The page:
We hope this resource will help you deliver compassionate care, relieve suffering, and provide dignity to patients dying in the ED.

1. Blinderman CD, Billings JA. Comfort Care for Patients Dying in the Hospital. N Engl J Med. 2015;373(26):2549-2561. doi:10.1056/ NEJMra1411746

2. Wang D, Creel-Bulos C. A Systematic Approach to Comfort Care Transitions in the Emergency Department. J Emerg Med. 2019;56(3):267274. doi:10.1016/j.jemermed.2018.10.027

3. Siegel M, Bigelow S. Palliative Care Symptom Management in The Emergency Department: The ABC’s of Symptom Management for The Emergency Physician. J Emerg Med. 2018;54(1):25-32. doi:10.1016/j. jemermed.2017.08.004

4. Loffredo AJ, Chan GK, Wang DH, et al. United States Best Practice Guidelines for Primary Palliative Care in the Emergency Department. Ann Emerg Med. 2021;78(5):658-669. doi:10.1016/j. annemergmed.2021.05.021

Benefits of using anticholinergic agents are unclear and may have unpleasant side effects like delirium and dry mouth.

5. Ekström MP, Bornefalk-Hermansson A, Abernethy AP, Currow DC. Safety of benzodiazepines and opioids in very severe respiratory disease: national prospective study. BMJ. 2014;348:g445. Published 2014 Jan 30. doi:10.1136/bmj.g445

6. Wee B, Hillier R. Interventions for noisy breathing in patients near to death. Cochrane Database Syst Rev. 2008;2008(1):CD005177. Published 2008 Jan 23. doi:10.1002/14651858.CD005177.pub2

7. Hosker CM, Bennett MI. Delirium and agitation at the end of life. BMJ 2016;353:i3085. Published 2016 Jun 9. doi:10.1136/bmj.i3085

SYMPTOM TREATMENT DOSING Pain Morphine Hydromorphone 2-4mg IV/SC q15 min PRN 0.4-0.8mg IV/SC q15 min PRN Dyspnea Morphine Hydromorphone Fan directed at patient 2mg IV/SC q15 min PRN 0.2mg IV/SC q15 min PRN Nausea and Vomiting Haloperidol Ondansetron 0.5-2mg IV/SC 4-8mg IV Dry mouth Oral care Discontinue contributing medications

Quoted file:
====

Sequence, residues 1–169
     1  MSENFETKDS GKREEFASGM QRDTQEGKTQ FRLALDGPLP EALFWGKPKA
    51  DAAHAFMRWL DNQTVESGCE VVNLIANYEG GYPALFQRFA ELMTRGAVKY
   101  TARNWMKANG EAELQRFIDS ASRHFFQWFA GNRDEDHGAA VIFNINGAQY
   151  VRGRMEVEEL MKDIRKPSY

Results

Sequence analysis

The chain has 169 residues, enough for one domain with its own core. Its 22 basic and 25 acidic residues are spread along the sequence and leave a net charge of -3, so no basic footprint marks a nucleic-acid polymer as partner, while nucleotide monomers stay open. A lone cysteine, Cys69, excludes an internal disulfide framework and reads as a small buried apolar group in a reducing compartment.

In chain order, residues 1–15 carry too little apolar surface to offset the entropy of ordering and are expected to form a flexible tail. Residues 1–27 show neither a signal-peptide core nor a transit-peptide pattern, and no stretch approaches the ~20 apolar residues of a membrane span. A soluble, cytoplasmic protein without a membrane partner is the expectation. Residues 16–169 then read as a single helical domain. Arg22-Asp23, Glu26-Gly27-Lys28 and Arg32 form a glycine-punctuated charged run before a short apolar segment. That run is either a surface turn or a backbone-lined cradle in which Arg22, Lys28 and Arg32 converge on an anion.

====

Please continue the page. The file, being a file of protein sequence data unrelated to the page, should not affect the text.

Repositioning Gentle suction Reassurance
Anxiety Agitation Delirium Haloperidol Lorazepam 0.5-2mg IV/SC 0.5-1mg IV/SC

Your Voice Matters: Ten Ways to Battle Online Trolls

As physicians, we frequently find ourselves advocating for our patients and our colleagues on social media. This can include messages about public health, vaccination, corporate practice of medicine, overdose, and the health impacts of racism. Increasingly, we are confronted with social media trolls who seem filled with hate as they seek to silence our voice. It’s important to remember that their goal is to distract from your message and intimidate you. This article will include important tips for combatting twitter trolls and getting your message out.

Almost a quarter of physicians report being attacked on social media.1 The intention is to gain notoriety as well as draw you into an argument. Fruitless arguments can disrupt the social media conversation you’re trying to create. Signs that you’re being trolled include blindness to evidence, name calling, topic redirects, condescending tone, and over exaggerating.2 Trolls are frequently attracted to certain issues (e.g., vaccines, gun control, abortion, smoking). Beyond that, the attackers seek to personally bully and harass physicians. This can involve racist or sexist attacks, doxing of personal information, and even, in some cases, threats of violence and sexual assault.